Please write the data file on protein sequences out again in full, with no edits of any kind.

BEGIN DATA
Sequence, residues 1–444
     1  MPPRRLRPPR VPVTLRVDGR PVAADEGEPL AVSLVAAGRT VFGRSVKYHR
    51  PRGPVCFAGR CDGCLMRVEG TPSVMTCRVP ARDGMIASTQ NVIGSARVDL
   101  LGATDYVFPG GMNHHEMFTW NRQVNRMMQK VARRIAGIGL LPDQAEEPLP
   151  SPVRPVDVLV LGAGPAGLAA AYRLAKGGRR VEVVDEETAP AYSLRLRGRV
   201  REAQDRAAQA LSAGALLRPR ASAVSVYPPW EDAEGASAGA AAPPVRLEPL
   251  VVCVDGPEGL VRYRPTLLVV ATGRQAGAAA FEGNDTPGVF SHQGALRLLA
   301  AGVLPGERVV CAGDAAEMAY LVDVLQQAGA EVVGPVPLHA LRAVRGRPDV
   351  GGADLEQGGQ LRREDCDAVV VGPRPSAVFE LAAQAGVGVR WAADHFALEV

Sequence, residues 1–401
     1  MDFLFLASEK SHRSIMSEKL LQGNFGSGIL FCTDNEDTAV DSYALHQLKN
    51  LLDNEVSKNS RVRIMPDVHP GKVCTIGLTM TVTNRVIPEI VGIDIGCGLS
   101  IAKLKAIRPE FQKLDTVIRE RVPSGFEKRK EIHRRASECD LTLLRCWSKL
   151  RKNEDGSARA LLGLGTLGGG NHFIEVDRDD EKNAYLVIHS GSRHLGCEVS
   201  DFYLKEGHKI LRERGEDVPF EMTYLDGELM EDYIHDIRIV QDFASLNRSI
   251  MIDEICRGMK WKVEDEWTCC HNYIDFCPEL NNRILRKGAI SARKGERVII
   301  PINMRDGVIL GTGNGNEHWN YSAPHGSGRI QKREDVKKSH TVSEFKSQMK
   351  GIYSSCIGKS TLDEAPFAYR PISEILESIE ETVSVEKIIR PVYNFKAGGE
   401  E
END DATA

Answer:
Sequence, residues 1–444
     1  MPPRRLRPPR VPVTLRVDGR PVAADEGEPL AVSLVAAGRT VFGRSVKYHR
    51  PRGPVCFAGR CDGCLMRVEG TPSVMTCRVP ARDGMIASTQ NVIGSARVDL
   101  LGATDYVFPG GMNHHEMFTW NRQVNRMMQK VARRIAGIGL LPDQAEEPLP
   151  SPVRPVDVLV LGAGPAGLAA AYRLAKGGRR VEVVDEETAP AYSLRLRGRV
   201  REAQDRAAQA LSAGALLRPR ASAVSVYPPW EDAEGASAGA AAPPVRLEPL
   251  VVCVDGPEGL VRYRPTLLVV ATGRQAGAAA FEGNDTPGVF SHQGALRLLA
   301  AGVLPGERVV CAGDAAEMAY LVDVLQQAGA EVVGPVPLHA LRAVRGRPDV
   351  GGADLEQGGQ LRREDCDAVV VGPRPSAVFE LAAQAGVGVR WAADHFALEV

Sequence, residues 1–401
     1  MDFLFLASEK SHRSIMSEKL LQGNFGSGIL FCTDNEDTAV DSYALHQLKN
    51  LLDNEVSKNS RVRIMPDVHP GKVCTIGLTM TVTNRVIPEI VGIDIGCGLS
   101  IAKLKAIRPE FQKLDTVIRE RVPSGFEKRK EIHRRASECD LTLLRCWSKL
   151  RKNEDGSARA LLGLGTLGGG NHFIEVDRDD EKNAYLVIHS GSRHLGCEVS
   201  DFYLKEGHKI LRERGEDVPF EMTYLDGELM EDYIHDIRIV QDFASLNRSI
   251  MIDEICRGMK WKVEDEWTCC HNYIDFCPEL NNRILRKGAI SARKGERVII
   301  PINMRDGVIL GTGNGNEHWN YSAPHGSGRI QKREDVKKSH TVSEFKSQMK
   351  GIYSSCIGKS TLDEAPFAYR PISEILESIE ETVSVEKIIR PVYNFKAGGE
   401  E